Braves to Transform West Villages Economy

Tourism

BY JACOB OGLES SRQ DAILY FRESHLY SQUEEZED CONTENT EVERY MORNING TUESDAY SEP 5, 2017

With the promise of $20 million in state funding in hand, officials in the West Villages District say the plans for a spring training stadium for the Atlanta Braves can move forward. Now, community leaders will move forward with getting a new commercial area built around the stadium up and running. “We see it as a catalyst to start pushing West Villages interest further ahead,” says Marty Black, general manager for the district.

Government leaders at the state and local level have justified the intense public investment in a professional sports facility based on the promise of additional economic impact. The first major project to come together now that a stadium deal seems all but complete may be the arrival of a major hotel complex connected to the sports facility. Black hopes to soon announce plans a four-star hotel, possibly Marriott-branded, that could dramatically increase the available hospitality facilities in South Sarasota County. 

Jeff Maultsby, Sarasota County economic development director, says this facility will make the entire Gulf Coast a stronger sports tourism destination. He notes that the facility will be a short drive south from Ed Smith Stadium in Sarasota, where the Baltimore Orioles host spring training, and just north of Charlotte Sports Park in Port Charlotte, where the Tampa Bay Rays spend the spring season. A little further in either direction along the coast, you can find the spring homes for the Pittsburgh Pirates in Bradenton and the Boston Red Sox and Minnesota Twins in Fort Myers. “You can either, as a Major League franchise, spend time on the field training or on the bus getting to an opponent to play and train,” Maultsby. “Obviously, the preference is to be on the field as much as possible.” That’s part of why many teams have left Central Florida facilities. The Braves, which will depart the Wide World of Sports in Lake Buena Vista, follow the Houston Astros, who in 2015 announced they would leave Kissimmee, and the Washington Nationals, who this year left Melbourne for West Palm Beach.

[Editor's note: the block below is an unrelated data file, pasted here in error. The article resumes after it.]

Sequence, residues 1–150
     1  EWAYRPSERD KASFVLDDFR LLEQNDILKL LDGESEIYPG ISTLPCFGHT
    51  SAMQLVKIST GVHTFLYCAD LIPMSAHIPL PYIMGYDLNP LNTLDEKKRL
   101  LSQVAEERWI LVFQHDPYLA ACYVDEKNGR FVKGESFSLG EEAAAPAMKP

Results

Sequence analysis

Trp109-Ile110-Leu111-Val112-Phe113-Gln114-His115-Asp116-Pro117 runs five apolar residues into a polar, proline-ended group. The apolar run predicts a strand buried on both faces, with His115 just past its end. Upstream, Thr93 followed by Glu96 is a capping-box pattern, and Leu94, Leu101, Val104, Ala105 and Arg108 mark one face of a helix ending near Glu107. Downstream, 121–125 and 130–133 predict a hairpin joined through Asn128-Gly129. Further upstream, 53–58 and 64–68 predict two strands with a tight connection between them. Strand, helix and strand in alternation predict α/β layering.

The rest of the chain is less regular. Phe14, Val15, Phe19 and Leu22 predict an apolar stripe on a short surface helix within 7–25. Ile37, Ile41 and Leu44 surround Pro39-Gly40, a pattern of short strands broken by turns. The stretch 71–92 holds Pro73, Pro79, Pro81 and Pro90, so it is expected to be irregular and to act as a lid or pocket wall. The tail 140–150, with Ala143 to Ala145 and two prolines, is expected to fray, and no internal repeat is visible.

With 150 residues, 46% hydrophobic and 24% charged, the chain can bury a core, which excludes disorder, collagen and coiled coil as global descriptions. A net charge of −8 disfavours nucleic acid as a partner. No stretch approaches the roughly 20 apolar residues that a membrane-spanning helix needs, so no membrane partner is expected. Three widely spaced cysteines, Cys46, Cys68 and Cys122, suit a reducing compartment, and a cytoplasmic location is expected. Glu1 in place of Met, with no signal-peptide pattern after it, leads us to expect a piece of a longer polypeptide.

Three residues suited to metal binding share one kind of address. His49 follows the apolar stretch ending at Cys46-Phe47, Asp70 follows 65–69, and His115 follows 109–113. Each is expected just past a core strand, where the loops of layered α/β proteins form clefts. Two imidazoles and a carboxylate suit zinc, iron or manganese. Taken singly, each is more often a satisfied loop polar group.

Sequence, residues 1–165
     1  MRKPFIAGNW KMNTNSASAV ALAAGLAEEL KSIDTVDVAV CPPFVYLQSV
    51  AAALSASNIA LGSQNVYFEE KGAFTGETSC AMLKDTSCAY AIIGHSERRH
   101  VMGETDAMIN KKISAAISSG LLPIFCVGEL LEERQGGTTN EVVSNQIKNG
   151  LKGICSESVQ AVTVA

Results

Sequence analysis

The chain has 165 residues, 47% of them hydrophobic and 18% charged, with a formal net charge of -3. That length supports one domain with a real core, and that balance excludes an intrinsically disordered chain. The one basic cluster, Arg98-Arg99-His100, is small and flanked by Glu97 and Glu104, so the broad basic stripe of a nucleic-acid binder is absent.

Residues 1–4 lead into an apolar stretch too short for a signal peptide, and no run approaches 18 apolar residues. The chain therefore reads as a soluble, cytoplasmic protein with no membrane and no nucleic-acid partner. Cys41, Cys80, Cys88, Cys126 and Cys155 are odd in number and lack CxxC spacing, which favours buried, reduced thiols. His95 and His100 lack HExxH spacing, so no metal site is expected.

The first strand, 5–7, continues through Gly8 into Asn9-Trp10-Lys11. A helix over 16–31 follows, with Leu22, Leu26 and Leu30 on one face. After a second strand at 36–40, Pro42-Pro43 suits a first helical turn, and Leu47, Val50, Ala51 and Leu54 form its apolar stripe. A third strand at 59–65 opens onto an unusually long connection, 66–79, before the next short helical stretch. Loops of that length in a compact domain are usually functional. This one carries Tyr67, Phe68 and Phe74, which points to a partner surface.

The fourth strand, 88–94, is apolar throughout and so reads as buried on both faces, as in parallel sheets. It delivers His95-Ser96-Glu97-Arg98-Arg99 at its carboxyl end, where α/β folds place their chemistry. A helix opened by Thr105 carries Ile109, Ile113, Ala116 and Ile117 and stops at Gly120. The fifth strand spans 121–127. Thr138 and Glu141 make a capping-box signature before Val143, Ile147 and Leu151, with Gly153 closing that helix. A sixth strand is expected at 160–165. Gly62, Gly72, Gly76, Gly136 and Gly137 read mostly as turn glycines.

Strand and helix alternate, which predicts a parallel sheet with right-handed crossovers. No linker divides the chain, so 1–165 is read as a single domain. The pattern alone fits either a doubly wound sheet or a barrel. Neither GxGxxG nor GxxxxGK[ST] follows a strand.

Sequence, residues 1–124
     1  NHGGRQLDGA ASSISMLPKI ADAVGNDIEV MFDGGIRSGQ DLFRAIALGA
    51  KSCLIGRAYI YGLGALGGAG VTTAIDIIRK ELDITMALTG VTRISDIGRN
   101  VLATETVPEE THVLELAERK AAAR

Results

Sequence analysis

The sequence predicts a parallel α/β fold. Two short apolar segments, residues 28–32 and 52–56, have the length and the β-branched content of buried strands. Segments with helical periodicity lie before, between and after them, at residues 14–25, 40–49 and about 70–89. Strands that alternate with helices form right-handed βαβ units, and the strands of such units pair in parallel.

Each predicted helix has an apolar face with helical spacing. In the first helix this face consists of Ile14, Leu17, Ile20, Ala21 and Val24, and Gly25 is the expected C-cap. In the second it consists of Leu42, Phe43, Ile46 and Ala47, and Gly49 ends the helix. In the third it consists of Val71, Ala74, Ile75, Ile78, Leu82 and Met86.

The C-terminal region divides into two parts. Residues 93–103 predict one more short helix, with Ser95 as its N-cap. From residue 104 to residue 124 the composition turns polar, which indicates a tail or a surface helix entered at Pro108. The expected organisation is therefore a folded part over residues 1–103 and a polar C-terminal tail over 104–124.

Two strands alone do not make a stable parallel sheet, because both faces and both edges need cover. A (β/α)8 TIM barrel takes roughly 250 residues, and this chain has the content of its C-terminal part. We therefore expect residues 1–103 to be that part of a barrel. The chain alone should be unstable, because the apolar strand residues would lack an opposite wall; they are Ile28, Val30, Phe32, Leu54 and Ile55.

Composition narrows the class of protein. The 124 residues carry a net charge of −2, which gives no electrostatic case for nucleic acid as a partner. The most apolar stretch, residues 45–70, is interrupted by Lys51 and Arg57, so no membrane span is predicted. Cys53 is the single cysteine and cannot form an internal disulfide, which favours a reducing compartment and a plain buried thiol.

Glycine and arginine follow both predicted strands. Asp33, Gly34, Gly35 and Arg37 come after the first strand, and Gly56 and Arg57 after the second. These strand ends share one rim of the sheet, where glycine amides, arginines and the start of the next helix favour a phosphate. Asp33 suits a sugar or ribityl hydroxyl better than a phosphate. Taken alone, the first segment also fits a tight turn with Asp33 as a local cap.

Maultsby says since the Orioles moved into Sarasota, the team has delivered an $89-90 million economic impact each year, which helps justify the $21.26 million in county dollars going toward the stadium. With the Braves popularity in the South, officials hope a similar or greater impact in the North Port area. Black says West Villages has already received inquiries from sports medicine and other commercial businesses that would like to open near the stadium.

Now, Black says West Villages leaders are preparing to bring a plan for a commercial main street in front of North Port commissioners, with a meeting scheduled on Sept. 29. The community has hoped for the Braves deal to come together before officially moving forward. “We’ve been working on this deal for two years,” he says. “Now it’s really about the execution.”

Rendering of planned Braves facility in West Villages.

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